"We know very little about the wharenui (meeting house) and the trust is extremely interested in preserving it," senior archaeologist Dr Rick McGovern-Wilson said yesterday.
Shifting the bypass route, at Bell Block, was an issue Transit New Zealand had to address, he said. Legally the trust could vary the bypass route to protect the site.

The 1850s Maori settlement, Te Horopuriri, is the only site of its kind to be excavated in New Zealand. It was discovered after planning for the bypass started.
"This is an important discovery," Dr McGovern-Wilson said.
"There's an incredible sequence of occupiers and things are happening on this site that we didn't know about three years ago."

Thursday, March 11, 2004

Hapu wants diversion after bypass uncovers pa site

Bell Block Diversion?
Maori want a proposed $12.5 million bypass near New Plymouth diverted to protect a historic pa site at the centre of an important archaeological dig.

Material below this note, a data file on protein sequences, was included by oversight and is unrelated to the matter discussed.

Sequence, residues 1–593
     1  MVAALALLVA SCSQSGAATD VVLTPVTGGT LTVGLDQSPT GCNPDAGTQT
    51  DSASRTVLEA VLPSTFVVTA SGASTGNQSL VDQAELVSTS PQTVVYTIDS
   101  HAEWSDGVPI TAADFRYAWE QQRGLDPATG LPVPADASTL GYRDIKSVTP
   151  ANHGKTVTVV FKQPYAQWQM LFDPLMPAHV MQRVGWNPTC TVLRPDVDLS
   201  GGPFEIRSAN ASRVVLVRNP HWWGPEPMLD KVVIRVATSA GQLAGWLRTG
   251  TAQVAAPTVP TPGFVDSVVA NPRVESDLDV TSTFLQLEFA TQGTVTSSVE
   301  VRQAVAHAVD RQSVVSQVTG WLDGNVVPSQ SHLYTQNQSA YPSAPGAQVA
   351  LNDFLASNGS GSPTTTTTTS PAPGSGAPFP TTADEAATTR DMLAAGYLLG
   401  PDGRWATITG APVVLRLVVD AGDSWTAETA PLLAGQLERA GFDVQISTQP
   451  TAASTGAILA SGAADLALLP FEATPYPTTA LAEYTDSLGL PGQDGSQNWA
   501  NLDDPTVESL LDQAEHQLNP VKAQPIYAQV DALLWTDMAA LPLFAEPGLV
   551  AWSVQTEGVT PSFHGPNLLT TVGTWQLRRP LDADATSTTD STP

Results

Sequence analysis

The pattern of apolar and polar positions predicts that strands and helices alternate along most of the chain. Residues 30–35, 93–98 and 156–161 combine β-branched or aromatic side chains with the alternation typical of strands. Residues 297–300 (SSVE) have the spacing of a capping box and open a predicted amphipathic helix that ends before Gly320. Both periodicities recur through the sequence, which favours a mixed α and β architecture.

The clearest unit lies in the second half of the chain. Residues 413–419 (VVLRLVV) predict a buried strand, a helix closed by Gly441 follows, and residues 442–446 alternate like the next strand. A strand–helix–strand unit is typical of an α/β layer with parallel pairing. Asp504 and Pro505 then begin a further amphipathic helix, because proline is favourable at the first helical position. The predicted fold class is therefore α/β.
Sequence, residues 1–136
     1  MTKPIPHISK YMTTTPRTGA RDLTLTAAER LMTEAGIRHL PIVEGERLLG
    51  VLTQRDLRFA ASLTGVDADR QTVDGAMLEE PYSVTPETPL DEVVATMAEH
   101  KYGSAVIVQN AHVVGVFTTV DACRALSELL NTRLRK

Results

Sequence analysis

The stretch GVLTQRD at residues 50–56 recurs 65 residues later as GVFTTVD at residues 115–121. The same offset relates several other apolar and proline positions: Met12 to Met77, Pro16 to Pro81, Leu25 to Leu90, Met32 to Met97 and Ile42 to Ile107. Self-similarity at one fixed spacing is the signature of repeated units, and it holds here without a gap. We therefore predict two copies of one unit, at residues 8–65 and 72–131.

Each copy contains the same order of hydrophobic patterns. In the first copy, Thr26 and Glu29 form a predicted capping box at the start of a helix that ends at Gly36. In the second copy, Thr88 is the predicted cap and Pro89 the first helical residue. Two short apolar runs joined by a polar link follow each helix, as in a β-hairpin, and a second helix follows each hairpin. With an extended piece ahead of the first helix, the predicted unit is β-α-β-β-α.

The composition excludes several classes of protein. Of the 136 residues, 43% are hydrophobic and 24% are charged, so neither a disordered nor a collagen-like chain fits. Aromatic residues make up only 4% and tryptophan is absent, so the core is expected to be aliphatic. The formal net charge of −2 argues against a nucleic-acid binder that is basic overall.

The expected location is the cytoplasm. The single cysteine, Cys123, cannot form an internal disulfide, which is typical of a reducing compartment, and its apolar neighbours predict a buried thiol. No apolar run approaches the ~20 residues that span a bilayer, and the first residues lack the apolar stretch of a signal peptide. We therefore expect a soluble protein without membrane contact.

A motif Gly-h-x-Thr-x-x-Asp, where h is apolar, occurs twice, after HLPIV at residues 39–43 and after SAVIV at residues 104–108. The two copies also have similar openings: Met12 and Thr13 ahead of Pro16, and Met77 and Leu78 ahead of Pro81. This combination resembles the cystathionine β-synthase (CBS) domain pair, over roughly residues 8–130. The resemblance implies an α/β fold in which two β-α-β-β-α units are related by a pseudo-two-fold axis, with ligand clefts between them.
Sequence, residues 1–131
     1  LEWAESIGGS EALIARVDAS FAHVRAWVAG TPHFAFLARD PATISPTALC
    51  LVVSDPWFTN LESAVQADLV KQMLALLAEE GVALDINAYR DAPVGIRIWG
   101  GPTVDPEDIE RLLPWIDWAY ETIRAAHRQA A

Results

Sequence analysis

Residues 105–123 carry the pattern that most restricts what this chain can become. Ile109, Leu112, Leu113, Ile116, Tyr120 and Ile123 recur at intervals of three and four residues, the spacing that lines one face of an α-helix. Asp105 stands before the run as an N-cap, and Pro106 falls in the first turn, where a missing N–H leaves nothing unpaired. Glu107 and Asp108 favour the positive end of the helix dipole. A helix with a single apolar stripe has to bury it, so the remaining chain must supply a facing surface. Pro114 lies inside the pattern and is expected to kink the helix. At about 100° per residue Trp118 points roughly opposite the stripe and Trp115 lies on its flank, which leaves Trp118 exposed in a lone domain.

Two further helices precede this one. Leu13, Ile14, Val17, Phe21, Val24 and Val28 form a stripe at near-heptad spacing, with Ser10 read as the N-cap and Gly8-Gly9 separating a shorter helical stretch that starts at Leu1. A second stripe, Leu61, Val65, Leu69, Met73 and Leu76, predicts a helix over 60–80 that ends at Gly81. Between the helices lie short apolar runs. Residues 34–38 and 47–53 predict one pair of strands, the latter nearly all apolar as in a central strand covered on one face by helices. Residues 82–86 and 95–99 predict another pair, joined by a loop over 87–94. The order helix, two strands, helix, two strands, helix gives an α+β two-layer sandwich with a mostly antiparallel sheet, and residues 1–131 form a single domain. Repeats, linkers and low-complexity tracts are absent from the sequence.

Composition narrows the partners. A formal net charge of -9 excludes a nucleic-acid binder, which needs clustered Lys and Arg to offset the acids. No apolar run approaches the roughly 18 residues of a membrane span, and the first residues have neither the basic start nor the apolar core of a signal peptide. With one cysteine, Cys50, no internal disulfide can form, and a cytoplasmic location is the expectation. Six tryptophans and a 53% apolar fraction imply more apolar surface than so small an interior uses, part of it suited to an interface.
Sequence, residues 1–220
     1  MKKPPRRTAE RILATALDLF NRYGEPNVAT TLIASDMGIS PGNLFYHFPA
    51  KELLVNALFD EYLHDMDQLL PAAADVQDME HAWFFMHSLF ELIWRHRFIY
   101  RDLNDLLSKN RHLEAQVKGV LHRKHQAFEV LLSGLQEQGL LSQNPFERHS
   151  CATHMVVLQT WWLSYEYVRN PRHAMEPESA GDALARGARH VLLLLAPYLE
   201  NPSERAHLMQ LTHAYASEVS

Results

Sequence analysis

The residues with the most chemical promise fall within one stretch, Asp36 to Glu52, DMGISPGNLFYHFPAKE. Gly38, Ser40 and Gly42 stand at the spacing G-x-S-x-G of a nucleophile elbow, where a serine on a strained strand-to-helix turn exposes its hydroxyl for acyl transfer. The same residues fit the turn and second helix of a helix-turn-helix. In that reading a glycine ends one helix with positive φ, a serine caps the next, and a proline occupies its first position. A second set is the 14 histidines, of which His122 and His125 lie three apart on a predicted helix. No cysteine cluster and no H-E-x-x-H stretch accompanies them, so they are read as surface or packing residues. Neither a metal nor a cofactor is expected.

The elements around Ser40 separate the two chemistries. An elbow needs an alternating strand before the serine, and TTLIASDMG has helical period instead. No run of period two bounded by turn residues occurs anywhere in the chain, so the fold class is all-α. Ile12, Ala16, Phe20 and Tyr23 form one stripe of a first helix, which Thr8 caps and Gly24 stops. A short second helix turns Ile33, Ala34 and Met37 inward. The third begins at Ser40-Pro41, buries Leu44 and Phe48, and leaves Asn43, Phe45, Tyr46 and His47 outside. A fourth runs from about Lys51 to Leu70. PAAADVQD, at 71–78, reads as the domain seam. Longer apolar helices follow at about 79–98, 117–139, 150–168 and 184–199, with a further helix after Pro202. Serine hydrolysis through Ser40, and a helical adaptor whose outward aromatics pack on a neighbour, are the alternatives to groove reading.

Puketapu hapu spokesman Grant Knuckey said there was growing support from the community to preserve the unique site at Bell Block. The site was only discovered once planning began.
Archaeologists are excavating the site, and have described it as of great significance.

DOC North Head Audiovisual Showing
The public is invited by the department to come along to a screening of the new 15 minute film presentation of the history of North Head: "Maungauika - the Story of a Mountain". Screenings will be at 12:00 noon, 12:30, 1:00 and 1:30 each of the following three weekends (March 13-14; March 20-21 and March 27-28).
The film contains Maori, colonial, wartime and recent historical footage and beautiful computer animated recreations of the way the hill looked at the various periods. The eruption of Rangitoto is also featured.

Monday, March 08, 2004

Historic project goes with a bang
The rare eight-inch 'disappearing' Armstrong gun at North Head was fired yesterday to mark progress on a historic restoration project.